Unfettered: Imagining a Childlike Faith beyond the Baggage of Western Culture
By Mandy Smith
Brazos Press, 224 pages
“If we really believed that there is more to faith than ideas alone and that there are more ways forward than we could find in our own strength, how would we live and be the church?”
Author Mandy Smith opens her recent work, Unfettered: Imagining a Childlike Faith beyond the Baggage of Western Culture, with these questions as she weaves together personal reflections and theological wisdom for the church that knows it has, in part, lost its way. Smith names the fact that the Western values of thinking and self-sufficiency press followers of Jesus to remain uncomfortable with our own humanity, to the extent that, “we have created a way of doing faith that has replaced a need for God with a human-made system of rules, beliefs, and traditions that makes us feel complete and self-sufficient. The technologies we employ to study God have allowed us to be our own saviors.”
This dismantling of unexamined, patriarchal, and empire-laden ways of faith continues throughout Unfettered with both a gracious and a tenacious voice, inviting the reader to dig deep into how we embody and lead faith habits. Smith manages to remain accessible and rigorous, poetic and theological—have you danced on the polished floors of a dark sanctuary without abandon before a prayer? Do you notice the pattern of the geese in the skies without plan or power inhibiting their purpose? Smith invites us into wonder.
A prolific speaker and author of the acclaimed book The Vulnerable Pastor, Smith builds on her belief that embracing our humanity and weakness frees us to imagine a more Jesus-centered faith and adopt a childlike posture—dependent, present, and aware of our needs. This book is a field journal of sorts, not arguing for an answer but chronicling an adventure of (re)discovering childlike courage and the freedom to join God’s work already ongoing in the world, counteracting impulses of certainty and dominion. She points to the call from Scripture to a holistic “heart, mind, soul, and strength” kind of faith, “a place where one can be small without shame, and powerful without oppressing.” Readers will encounter theological signposts such as John Wesley’s quadrilateral, reflections from monks and musicians, discussions on spiritual warfare and the maternal instincts of God, as well as a review of how shame and guilt cultures shape faith and wisdom for parents and pastors.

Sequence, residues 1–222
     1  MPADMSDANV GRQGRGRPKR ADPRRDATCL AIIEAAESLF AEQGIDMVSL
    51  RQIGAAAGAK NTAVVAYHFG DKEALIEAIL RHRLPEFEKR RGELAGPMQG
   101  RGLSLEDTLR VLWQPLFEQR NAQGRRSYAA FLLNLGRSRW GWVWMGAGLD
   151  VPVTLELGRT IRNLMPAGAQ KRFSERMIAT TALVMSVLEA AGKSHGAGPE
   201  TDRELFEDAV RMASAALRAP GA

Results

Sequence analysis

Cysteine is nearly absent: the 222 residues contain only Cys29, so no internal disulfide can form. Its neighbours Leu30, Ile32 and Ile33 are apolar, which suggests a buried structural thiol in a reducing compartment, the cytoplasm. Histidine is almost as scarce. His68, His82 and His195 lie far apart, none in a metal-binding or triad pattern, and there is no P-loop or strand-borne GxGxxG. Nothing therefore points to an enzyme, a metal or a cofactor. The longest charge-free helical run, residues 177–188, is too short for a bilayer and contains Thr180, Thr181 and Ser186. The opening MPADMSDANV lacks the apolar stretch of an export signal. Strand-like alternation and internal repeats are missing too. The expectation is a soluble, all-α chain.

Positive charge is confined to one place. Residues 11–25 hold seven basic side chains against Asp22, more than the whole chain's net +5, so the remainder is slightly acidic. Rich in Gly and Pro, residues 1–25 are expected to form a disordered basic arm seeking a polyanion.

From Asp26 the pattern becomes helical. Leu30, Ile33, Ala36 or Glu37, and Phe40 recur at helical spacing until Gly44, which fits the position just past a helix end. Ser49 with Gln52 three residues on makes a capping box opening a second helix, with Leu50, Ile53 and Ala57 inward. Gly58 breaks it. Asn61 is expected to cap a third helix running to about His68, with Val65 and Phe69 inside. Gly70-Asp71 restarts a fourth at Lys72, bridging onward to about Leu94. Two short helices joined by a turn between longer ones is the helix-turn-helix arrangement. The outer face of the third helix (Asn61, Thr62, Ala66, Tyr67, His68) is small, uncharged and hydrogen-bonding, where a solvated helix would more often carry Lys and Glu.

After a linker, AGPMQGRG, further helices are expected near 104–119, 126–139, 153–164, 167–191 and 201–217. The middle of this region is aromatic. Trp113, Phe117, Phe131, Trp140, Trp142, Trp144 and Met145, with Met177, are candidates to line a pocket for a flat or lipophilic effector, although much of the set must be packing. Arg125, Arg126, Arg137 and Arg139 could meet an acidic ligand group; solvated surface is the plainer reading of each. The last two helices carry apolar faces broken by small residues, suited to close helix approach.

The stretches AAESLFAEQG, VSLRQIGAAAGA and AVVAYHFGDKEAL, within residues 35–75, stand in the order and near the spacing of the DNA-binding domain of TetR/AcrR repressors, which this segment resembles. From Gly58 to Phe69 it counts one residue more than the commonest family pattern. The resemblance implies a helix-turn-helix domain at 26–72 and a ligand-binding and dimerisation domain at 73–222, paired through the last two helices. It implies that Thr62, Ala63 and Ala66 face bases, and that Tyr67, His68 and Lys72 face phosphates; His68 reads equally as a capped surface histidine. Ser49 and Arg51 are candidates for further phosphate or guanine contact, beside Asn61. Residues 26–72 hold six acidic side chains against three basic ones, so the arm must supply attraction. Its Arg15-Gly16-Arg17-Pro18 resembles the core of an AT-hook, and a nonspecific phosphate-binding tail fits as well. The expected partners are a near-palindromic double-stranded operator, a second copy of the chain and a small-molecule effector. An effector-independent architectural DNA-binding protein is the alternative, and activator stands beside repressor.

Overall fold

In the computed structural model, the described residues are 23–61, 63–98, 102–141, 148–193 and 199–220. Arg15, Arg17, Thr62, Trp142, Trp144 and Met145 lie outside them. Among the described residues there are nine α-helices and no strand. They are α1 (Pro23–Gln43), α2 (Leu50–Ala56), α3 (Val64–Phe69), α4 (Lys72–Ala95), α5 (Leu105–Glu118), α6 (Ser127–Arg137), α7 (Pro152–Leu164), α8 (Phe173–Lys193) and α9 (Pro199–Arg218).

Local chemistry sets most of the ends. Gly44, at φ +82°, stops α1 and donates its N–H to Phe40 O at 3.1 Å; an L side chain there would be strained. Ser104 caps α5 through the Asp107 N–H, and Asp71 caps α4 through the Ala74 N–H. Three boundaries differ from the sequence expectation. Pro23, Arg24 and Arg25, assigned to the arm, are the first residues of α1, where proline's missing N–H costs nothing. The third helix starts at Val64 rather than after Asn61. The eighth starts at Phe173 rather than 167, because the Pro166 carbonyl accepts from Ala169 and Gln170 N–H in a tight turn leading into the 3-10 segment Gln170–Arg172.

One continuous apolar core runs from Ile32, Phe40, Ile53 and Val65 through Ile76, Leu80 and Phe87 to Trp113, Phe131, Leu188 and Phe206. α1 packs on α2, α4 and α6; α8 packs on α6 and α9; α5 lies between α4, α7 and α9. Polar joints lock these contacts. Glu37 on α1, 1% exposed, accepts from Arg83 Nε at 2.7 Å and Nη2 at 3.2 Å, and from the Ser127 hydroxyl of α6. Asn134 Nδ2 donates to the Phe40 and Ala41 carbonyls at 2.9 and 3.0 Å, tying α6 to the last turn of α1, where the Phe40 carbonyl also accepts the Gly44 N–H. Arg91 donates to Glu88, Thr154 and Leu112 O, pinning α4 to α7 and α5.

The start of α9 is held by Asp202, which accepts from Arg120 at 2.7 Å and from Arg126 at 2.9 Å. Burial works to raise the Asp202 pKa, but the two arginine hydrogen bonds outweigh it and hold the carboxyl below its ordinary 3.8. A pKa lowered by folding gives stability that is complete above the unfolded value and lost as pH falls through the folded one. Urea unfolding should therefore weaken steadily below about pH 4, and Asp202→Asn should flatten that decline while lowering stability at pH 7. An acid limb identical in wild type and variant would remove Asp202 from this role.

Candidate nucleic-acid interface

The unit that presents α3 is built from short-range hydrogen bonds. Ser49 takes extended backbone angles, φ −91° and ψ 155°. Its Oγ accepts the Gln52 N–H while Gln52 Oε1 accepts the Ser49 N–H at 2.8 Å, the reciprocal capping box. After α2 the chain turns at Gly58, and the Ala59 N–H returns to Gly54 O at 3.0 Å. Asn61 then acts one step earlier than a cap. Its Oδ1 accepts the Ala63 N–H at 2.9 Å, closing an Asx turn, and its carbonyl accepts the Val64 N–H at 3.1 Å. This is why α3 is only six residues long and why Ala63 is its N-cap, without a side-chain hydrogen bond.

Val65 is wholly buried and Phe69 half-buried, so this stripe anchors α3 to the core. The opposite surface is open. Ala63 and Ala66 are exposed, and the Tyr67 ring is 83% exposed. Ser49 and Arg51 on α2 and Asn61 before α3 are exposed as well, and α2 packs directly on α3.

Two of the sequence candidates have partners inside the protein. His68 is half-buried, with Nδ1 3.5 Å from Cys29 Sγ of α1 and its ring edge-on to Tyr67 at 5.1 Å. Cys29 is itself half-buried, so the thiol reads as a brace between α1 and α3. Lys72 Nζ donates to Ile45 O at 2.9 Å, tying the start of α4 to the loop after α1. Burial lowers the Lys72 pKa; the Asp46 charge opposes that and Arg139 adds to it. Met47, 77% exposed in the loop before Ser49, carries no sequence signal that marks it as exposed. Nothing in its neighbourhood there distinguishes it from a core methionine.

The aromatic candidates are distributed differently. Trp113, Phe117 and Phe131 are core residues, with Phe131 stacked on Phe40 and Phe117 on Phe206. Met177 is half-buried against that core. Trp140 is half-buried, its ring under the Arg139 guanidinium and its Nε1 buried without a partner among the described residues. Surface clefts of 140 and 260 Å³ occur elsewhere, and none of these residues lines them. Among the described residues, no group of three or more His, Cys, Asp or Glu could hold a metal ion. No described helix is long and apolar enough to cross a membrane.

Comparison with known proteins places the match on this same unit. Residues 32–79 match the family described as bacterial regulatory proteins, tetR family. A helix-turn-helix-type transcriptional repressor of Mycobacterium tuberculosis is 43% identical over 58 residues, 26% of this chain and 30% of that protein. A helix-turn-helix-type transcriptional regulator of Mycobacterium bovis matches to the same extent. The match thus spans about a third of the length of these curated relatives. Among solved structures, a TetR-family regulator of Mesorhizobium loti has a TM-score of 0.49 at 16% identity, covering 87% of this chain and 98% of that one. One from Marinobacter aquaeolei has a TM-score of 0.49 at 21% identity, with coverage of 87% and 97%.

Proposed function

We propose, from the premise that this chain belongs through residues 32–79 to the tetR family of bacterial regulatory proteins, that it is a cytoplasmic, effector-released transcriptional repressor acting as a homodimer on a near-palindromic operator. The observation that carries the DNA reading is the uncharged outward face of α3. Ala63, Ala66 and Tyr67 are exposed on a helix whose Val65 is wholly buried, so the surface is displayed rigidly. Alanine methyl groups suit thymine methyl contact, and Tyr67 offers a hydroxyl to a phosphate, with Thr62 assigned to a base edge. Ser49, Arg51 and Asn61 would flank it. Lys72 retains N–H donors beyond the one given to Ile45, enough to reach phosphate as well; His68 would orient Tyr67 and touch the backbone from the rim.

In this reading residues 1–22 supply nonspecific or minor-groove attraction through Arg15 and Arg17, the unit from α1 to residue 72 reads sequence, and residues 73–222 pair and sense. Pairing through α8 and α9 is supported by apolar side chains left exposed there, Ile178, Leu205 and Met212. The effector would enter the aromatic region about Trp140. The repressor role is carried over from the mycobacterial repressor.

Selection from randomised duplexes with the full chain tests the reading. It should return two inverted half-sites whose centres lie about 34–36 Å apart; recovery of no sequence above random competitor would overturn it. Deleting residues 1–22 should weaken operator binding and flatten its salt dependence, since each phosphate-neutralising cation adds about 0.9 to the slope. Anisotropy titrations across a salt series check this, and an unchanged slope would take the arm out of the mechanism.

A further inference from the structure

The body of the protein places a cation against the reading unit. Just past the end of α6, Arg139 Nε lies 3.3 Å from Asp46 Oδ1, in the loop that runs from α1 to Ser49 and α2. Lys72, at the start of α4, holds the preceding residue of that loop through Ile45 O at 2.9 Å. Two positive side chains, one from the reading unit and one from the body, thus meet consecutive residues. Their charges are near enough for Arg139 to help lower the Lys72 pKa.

Unfettered also asks some risky questions. I smiled when she wondered, “Have I gone charismatic?” as part of her awakening. In noting her own expansion and freedom, this pastor offers to shepherd those of us primarily shaped by western, white, colonial ways of faith out of the maze, and into the rest, receiving, and responding of the living, breathing Spirit of God. Smith also takes time to help readers sort through very human struggles with resting and receiving, questions about theological heresy, our attempts to control the universe, and our soul sickness that comes from hyper-productivity and dominion. “Ironically, even in our efforts to study the kingdom, we often have empire habits. We do kingdom things in empire ways.”
Ultimately Smith invites the church to a refreshed ancient truth that we are not God, but we are invited to be loved by and in partnership with God. For all those participating in or leading the church, as well as for those wondering about the limits of their faith; for those who know we need more than the limits of human answers and control offer us, this book beckons with grace to offer encouragement, nourishment, and the freedom of being unfettered.